Research on Why Healthy Living Leads to Longer Life

Posted on July 29, 2007  Comments (1)

New Clue into How Diet and Exercise Enhance Longevity

In their experiments, the researchers sought to understand the role of the insulin-like signaling pathway in extending lifespan. This pathway governs growth and metabolic processes in cells throughout the body. The pathway is activated when insulin and insulin-like growth factor-1 switch on proteins inside the cell called insulin receptor substrates (Irs).

Other researchers had shown that reducing the activity of the pathway in roundworms and fruitflies extends lifespan. Despite those tantalizing clues, White said, “The idea that insulin reduces lifespan is difficult to reconcile with decades of clinical practice and scientific investigation to treat diabetes.” “In fact, based on our work on one of the insulin receptor substrates, Irs2, in liver and pancreatic beta cells, we thought more Irs2 would be good for you,” said White. “It reduces the amount of insulin needed in the body to control blood glucose, and it promotes growth, survival and insulin secretion from pancreatic beta cells.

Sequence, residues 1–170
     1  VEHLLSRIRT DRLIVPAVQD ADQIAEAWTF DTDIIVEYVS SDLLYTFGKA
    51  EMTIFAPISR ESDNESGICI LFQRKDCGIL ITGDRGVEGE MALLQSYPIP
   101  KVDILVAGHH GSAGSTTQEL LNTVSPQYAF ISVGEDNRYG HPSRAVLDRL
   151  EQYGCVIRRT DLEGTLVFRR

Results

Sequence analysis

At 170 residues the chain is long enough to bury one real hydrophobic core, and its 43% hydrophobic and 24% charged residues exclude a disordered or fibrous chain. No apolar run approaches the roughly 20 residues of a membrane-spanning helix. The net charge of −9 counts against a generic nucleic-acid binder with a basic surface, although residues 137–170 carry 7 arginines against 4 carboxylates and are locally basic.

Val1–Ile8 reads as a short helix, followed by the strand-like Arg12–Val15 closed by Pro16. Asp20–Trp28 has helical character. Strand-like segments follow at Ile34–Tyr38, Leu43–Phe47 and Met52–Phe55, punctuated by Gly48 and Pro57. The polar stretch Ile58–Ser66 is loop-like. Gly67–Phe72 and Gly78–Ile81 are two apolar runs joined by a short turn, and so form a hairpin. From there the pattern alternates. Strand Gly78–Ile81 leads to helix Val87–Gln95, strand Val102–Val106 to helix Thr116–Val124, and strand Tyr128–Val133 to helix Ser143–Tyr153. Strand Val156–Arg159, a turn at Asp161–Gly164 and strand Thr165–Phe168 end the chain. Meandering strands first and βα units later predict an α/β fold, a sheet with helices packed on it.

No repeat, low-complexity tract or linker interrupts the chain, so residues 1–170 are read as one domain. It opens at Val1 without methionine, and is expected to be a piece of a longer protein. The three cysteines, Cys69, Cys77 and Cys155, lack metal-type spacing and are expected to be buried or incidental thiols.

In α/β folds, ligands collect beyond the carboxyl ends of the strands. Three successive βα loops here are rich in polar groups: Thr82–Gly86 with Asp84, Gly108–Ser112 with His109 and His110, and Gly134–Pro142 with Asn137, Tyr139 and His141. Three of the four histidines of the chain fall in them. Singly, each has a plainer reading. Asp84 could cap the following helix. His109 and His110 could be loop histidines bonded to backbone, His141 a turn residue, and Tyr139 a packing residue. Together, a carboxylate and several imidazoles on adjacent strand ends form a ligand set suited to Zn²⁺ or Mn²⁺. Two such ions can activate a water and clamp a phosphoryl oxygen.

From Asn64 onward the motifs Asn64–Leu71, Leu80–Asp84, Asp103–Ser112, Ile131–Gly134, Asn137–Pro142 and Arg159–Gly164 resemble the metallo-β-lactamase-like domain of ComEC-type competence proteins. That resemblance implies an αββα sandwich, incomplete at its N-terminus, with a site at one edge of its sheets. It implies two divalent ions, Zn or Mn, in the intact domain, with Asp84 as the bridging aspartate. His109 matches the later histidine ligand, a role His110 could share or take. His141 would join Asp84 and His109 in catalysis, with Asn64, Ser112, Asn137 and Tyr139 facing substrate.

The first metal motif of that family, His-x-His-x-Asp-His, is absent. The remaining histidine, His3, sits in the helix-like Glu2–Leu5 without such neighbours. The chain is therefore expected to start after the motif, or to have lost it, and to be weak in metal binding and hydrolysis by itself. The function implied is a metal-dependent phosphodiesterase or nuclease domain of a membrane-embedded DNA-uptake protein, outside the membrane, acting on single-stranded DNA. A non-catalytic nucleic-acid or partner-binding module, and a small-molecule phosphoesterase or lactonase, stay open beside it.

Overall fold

“Diet, exercise and lower weight keep your peripheral tissues sensitive to insulin. That reduces the amount and duration of insulin secretion needed to keep your glucose under control when you eat. Therefore, the brain is exposed to less insulin. Since insulin turns on Irs2 in the brain, that means lower Irs2 activity, which we’ve linked to longer lifespan in the mouse.”

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One Response to “Research on Why Healthy Living Leads to Longer Life”

  1. CuriousCat: Don't Eat What Doesn't Rot
    March 31st, 2008 @ 8:08 am

    “Another assumption of nutritionism is that you can measure these nutrients and you know what they’re doing, that we know what cholesterol is and what it does in our body or what an antioxidant is. And that’s a dubious proposition…”

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